Two-month-old Edward September (not his real name), crying inconsolably, was rushed to Clanwilliam Hospital on Monday afternoon.
Edward had been refusing to eat and his abdomen was distended. The doctor who examined him was unsure what to diagnose and there was no paediatrician to consult at the hospital.
So the doctor sent Edward's X-rays and case history all the way to Tygerberg Hospital - on the Internet - for paediatrician Etienne Nel to examine. It seemed at first that there was a blockage in Edward's digestive system, which would have required surgery.
A closer examination showed that he had pneumonia.
Nel recommended that Edward continue taking antibiotics and the next day, much healthier, he was discharged from hospital.
This system of digital consultation, the first of its kind in South Africa, is one of many that have taken place between Tygerberg and outlying hospitals.
Two years ago the link between Tygerberg and Worcester Hospital was made, through the health department's intranet system. Clanwilliam, linked to Tygerberg through the conventional Internet, joined at the end of last year.
By the end of this week Hermanus Hospital will also be linked up, and it is hoped that soon Paarl, Stellenbosch, Strand and the Red Cross Children's Hospital - another tertiary institution where the diagnoses will be made will also join soon through the department's intranet system.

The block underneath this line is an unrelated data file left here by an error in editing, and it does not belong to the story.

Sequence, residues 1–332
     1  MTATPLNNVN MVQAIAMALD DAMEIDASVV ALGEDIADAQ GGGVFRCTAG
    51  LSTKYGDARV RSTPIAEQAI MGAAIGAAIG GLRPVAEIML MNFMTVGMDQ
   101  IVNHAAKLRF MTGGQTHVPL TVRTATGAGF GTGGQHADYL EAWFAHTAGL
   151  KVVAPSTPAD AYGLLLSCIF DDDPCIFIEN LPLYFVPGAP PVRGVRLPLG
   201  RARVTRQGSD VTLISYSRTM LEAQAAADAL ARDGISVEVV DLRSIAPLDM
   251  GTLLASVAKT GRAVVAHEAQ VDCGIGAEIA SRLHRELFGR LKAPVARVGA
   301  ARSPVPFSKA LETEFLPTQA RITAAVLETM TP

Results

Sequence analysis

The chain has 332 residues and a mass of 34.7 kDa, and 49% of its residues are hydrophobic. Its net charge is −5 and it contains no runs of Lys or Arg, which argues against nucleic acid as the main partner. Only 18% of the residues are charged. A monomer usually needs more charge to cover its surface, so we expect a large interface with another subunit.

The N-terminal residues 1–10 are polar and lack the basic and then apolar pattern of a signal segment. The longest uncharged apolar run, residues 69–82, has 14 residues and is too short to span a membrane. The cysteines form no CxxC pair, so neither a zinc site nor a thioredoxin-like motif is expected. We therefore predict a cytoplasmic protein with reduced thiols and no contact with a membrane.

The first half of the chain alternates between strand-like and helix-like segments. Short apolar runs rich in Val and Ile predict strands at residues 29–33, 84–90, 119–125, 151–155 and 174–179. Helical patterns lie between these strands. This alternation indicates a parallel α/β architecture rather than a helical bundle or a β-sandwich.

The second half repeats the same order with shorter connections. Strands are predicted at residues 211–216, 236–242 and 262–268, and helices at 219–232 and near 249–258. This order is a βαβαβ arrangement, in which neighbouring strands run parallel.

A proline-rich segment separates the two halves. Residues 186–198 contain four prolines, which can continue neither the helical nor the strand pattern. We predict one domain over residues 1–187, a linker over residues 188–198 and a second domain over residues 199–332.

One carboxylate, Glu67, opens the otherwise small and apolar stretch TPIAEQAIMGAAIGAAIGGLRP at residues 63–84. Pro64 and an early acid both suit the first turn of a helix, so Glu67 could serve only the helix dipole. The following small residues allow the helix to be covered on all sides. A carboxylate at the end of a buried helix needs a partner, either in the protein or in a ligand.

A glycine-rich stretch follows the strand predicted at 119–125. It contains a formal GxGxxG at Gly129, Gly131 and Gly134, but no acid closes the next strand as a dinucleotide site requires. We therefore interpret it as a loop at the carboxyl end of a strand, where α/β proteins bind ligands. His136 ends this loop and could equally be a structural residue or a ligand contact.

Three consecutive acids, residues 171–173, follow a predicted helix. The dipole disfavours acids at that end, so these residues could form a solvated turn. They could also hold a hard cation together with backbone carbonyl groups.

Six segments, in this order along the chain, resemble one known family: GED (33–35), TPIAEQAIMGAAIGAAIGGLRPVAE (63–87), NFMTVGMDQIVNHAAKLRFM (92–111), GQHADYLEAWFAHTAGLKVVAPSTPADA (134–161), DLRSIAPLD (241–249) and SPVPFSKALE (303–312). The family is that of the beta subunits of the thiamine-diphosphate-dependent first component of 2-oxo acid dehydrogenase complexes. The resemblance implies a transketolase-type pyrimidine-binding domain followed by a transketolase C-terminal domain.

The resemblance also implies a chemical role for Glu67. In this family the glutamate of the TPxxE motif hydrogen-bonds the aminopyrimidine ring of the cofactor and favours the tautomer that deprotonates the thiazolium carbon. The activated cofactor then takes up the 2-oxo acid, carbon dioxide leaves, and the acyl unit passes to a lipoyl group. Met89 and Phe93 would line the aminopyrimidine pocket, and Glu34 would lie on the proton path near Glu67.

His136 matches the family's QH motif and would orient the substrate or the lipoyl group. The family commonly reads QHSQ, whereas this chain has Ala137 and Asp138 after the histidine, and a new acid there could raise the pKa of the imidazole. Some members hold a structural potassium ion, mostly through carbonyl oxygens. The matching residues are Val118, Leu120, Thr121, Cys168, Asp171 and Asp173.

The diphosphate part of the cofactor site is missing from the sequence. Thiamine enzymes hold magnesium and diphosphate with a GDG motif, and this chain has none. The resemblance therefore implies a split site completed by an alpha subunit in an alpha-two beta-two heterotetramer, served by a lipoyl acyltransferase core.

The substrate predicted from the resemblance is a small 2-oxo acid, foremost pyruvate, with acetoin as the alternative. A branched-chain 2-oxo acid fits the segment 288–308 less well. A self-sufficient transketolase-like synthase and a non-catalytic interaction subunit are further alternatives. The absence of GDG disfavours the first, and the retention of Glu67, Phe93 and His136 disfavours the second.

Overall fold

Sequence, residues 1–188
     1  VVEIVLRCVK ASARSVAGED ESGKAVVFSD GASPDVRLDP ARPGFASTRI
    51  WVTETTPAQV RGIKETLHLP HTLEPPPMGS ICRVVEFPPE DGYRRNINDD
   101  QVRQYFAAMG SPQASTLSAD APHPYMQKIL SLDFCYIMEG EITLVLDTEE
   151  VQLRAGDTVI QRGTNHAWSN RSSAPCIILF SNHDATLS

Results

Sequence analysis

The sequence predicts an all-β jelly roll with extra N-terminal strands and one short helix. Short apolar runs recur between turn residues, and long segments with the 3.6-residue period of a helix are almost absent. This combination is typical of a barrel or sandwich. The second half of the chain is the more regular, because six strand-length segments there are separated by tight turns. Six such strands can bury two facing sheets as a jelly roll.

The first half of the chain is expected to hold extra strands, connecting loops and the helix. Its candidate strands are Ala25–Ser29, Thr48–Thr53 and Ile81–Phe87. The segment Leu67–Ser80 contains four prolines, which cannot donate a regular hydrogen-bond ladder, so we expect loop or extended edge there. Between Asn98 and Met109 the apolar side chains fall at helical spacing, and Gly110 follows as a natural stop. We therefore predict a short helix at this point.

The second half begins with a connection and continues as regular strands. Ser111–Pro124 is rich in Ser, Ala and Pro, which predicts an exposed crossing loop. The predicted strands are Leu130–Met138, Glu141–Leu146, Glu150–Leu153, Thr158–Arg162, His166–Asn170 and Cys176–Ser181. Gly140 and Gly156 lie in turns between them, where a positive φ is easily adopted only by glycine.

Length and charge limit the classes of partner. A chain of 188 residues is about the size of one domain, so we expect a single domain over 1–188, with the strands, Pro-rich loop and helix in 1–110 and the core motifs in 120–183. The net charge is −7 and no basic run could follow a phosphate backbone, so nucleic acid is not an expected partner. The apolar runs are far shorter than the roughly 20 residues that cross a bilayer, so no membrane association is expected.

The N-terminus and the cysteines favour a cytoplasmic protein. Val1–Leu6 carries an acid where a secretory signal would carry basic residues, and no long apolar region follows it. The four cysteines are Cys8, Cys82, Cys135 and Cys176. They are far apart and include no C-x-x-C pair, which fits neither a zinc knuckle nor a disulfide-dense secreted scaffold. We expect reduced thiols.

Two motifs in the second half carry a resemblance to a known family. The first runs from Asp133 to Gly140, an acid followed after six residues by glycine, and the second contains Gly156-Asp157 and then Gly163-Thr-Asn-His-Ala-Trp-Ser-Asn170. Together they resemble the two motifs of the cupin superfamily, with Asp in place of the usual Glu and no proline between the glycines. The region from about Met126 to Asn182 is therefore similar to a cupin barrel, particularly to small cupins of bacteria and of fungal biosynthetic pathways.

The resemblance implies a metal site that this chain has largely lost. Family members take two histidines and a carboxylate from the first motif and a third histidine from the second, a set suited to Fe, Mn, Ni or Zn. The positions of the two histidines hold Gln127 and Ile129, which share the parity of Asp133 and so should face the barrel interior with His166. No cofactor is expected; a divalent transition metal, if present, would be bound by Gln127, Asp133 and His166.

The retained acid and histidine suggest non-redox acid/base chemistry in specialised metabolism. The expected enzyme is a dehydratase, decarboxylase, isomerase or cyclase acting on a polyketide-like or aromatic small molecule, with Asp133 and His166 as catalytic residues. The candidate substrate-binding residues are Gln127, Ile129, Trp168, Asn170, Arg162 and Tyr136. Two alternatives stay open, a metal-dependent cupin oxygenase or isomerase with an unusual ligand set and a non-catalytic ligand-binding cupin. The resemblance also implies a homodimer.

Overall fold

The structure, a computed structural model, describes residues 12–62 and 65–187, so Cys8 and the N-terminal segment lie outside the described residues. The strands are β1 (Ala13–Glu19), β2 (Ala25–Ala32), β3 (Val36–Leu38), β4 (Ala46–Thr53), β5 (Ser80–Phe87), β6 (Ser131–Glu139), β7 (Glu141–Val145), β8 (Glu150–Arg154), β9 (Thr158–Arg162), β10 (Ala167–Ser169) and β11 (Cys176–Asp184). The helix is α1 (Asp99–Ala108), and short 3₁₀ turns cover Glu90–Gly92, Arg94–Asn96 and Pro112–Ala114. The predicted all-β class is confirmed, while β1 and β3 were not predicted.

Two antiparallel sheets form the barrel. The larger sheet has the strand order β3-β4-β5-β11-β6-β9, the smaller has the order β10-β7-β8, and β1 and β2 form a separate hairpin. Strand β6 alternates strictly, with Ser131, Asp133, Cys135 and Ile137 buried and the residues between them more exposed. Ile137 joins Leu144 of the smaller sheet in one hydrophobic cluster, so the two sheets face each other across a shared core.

X-rays, ECGs and laboratory results and case histories are scanned at outlying hospitals, in the tele-medicine system, as the computer consultation system has been dubbed, then sent on to Tygerberg.
We spend quite a bit of time consulting with outlying hospitals by phone as it is, said Nel, who does most of the tele-medicine work at Tygerberg. This system definitely increases our workload, because it takes more time for a diagnosis. But hopefully it improves the level of care.
It's not sophisticated technology. Essentially it consists of just a PC on a desk.
Tygerberg Hospital's paediatrics professor Robert Gie said that the tele-medicine system cost at Tygerberg around R40 000 to set up.
The system is one solution to the problems facing paediatric care at tertiary hospitals, he said. These include budget cuts, and fewer beds and lack of facilities.
Primary healthcare, and the paediatric service in outlying hospitals are simultaneously improving, he said, but paediatricians in remote areas needed senior specialists' advice.
The incidence of tuberculosis was escalating dramatically, Gie said, as HIV/AIDS increased. Most of the paediatric cases seen at Tygerberg from outlying hospitals had tuberculosis or pneumonia.
Yesterday Rotary International president Bhichai Rattakul, from Thailand, visited Tygerberg to see the tele-medicine project and others set up by Rotary.
There are so many good Rotary projects in South Africa, Rattakul said. I am here to see what Rotarians have done, and to encourage them to do even more. (Source: The Cape Times, 26 February 2003)